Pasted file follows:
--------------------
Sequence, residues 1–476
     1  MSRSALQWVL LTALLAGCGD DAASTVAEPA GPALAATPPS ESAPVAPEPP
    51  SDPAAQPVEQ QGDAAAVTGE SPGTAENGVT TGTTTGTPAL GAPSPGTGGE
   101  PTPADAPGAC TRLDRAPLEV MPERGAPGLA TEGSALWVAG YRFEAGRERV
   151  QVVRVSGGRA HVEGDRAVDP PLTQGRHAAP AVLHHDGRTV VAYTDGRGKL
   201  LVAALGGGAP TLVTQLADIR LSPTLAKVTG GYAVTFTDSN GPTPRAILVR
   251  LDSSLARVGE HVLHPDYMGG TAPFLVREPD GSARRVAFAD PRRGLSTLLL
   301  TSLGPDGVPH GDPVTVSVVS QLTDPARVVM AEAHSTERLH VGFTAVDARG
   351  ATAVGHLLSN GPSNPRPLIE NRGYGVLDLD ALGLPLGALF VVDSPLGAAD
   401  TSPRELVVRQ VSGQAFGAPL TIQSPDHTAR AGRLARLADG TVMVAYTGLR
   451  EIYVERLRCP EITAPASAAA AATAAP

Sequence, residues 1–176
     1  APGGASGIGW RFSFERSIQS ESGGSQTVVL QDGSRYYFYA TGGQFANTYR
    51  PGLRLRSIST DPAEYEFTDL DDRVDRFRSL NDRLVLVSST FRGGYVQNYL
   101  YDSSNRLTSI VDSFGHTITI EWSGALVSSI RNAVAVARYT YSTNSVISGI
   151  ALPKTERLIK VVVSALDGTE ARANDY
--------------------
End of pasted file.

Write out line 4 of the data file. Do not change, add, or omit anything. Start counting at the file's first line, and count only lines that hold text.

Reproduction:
   101  PTPADAPGAC TRLDRAPLEV MPERGAPGLA TEGSALWVAG YRFEAGRERV